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Thread: Terminator Salvation

  1. #1
    Elite Member celeb_2006's Avatar
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    Default Terminator Salvation

    (The reviews have been decidedly, ummm, lukewarm. The local San Fran paper gave it the lowest review. Looks like a pure action movie which I like. Wonder if it'll create any negative buzz at the box office, perhaps not....)

    Terminator Salvation :: rogerebert.com :: Reviews

    All action, all the time


    Release Date: 2009
    Ebert Rating: **
    / / / May 20, 2009


    by Roger Ebert

    One of Hollywood's oldest axioms teaches us: The story comes first. Watching "Terminator Salvation," it occurred to me that in the new Hollywood, the storyboard comes first. After scrutinizing the film, I offer you my summary of the story: Guy dies, finds himself resurrected, meets others, fights. That lasts for almost two hours. The action scenes, which is to say, 90 percent of the movie, involve Armageddon between men and machines 10 years in the future. The film's most cheerful element is that they've perfected artificial intelligence so quickly. Yes, Skynet is self-aware and determines to wipe out humankind for reasons it doesn't explain. A last-ditch resistance is being led by John Connor, or "J.C." for you Faulkner fans.

    Christian Bale plays the role of Connor, in a movie that raises many questions about the lines between man and machine. Raises them, and then leaves them levitating. However, it has many fights between a humanoid cyborg and robotic Skynet men made of steel. How do these antagonists fight? Why, with their fists, of course, which remains a wonderfully cinematic device. They also shoot at each other, to little effect. In fact, one metal man is covered in molten ore and then flash-frozen, and keeps on tickin'. And listen, Skynet buddies, what Bale thought about that cameraman is only the tip of the iceberg compared to what he thinks about you.

    There is nothing visible in this world but a barren wasteland. No towns, no houses, no food, no farms, no nothing. Maybe they live on Spam. The resistance is run from a submarine commanded by Gen. Ashdown (Michael Ironside), who wants to destroy Skynet and all of its human POWs. Connor, who is not even human, vows to save them. Wait. That's Marcus Wright (Sam Worthington), the guy from the past, who looks so much like Connor that maybe he only thinks he's Wright. Marcus is a convicted murderer from the past, awakened from cryogenic sleep.

    I know with a certainty approaching dread that all of my questions will be explained to me in long detailed messages from "Terminator" experts. They also will charge me with not seeing the movie before I reviewed it. Believe me, I would have enjoyed traveling forward through time for two hours, starting just before I saw the movie. But in regard to the answers to my questions: You know what? I don't care.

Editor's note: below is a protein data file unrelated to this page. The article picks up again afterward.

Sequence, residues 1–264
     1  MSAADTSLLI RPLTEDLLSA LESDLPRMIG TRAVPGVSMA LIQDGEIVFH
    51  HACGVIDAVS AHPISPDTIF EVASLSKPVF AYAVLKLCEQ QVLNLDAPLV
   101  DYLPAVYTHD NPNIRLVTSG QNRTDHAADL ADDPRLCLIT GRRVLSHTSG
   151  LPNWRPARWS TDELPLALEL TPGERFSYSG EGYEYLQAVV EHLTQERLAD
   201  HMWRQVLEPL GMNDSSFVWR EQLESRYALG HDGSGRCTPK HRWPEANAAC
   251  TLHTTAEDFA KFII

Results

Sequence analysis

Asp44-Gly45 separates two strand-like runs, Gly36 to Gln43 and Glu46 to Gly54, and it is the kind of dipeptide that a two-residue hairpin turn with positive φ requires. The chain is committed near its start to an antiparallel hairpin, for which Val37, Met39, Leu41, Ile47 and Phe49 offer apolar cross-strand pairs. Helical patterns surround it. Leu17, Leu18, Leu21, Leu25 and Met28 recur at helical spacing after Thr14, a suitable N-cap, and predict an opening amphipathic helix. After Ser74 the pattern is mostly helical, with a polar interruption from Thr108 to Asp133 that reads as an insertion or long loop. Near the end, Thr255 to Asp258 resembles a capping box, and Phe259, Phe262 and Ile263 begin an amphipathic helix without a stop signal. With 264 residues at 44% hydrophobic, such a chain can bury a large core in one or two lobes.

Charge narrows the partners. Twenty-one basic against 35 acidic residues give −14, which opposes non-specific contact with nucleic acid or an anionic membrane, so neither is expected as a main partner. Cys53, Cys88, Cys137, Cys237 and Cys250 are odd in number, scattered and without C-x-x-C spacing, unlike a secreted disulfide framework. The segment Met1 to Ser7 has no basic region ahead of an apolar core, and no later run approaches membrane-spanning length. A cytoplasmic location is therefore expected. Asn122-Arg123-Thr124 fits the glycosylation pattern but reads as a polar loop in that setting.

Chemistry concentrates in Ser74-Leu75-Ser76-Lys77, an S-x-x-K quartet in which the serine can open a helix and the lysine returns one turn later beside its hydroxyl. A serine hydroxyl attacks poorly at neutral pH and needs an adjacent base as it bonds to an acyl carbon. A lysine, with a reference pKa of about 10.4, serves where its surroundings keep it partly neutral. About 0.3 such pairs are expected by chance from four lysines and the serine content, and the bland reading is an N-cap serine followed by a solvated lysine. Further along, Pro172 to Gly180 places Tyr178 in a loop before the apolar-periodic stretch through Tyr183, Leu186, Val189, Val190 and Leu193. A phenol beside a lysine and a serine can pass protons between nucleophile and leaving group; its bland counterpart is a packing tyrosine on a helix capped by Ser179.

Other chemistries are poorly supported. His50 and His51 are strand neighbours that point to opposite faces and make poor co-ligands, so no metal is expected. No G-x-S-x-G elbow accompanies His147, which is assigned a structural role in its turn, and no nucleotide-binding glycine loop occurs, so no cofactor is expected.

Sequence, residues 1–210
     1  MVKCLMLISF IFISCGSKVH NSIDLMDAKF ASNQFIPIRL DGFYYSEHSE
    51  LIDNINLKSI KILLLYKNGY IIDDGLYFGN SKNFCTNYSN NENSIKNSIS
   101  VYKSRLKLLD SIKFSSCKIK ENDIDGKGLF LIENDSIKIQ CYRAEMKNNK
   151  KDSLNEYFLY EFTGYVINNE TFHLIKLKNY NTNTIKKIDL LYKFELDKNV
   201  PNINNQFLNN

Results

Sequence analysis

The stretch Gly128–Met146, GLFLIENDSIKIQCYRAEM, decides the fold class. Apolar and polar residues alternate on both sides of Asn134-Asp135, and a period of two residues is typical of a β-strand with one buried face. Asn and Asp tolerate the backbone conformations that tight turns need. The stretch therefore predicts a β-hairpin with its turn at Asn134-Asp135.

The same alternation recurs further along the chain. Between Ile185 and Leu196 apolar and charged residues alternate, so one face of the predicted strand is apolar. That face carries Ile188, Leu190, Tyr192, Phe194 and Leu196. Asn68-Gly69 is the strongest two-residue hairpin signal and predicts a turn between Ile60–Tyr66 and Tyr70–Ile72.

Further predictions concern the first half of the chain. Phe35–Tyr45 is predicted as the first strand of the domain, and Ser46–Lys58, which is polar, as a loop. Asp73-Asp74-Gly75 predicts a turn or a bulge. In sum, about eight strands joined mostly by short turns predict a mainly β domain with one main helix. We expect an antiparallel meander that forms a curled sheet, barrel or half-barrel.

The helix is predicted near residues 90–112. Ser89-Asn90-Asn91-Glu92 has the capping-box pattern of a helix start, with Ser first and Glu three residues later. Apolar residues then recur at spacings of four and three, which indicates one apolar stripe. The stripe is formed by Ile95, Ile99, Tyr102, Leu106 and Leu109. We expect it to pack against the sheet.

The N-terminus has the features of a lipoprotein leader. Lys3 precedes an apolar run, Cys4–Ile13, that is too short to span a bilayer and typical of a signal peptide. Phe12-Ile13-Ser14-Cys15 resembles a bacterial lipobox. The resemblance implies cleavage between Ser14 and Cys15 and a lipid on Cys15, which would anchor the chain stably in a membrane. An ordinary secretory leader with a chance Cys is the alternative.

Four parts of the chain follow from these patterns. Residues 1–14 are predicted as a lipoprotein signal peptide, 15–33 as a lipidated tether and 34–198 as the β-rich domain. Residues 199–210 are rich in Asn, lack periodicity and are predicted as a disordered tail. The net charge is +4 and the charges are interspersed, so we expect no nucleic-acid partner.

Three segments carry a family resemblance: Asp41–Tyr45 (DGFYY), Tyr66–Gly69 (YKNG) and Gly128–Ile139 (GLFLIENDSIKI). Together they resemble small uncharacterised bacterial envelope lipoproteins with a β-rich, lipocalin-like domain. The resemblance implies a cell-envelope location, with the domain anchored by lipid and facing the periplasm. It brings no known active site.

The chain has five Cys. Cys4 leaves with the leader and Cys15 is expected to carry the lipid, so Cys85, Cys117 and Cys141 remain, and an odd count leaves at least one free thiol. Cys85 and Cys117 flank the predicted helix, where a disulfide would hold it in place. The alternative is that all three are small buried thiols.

The first "Terminator" movie I regret (I suppose) I did not see. "Terminator 2: Judgment Day" (1991) was a fairly terrific movie, set in the (then) future, to prevent the nuclear holocaust of 1997. You remember that. It was about something. In it, Edward Furlong was infinitely more human as John Connor than
    Christian Bale is in this film.

    Schwarzenegger, indeed, reappears in this fourth film, thanks to a body double and a special-effects face, which makes him, I think, a cyborg of a cyborg. His famous line "I'll be back" is uttered by one John Connor or another, and I hope it draws more chuckles than it did at the screening I attended. Why, those immortal words are chiseled into granite, or at least into the lobby floor at the AMC River East theaters.

    If there is one wholly sympathetic character, that would be Blair Williams, played by the fragrant Moon Bloodgood. She murmurs some tender words at the 45-minute mark, representing the most complex dialogue up to that point. Dr. Serena Kogan (Helena Bonham Carter) has a longer speech, but you can't be sure it's really her, and she may have been lying.

    Anyway, most of the running time is occupied by action sequences, chase sequences, motorcycle sequences, plow-truck sequences, helicopter sequences, fighter-plane sequences, towering android sequences and fistfights. It gives you all the pleasure of a video game without the bother of having to play it.

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    Elite Member Grimmlok's Avatar
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    it's also rated pg-13. lame.
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    Elite Member TonjaLasagna's Avatar
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    Saw this film Monday.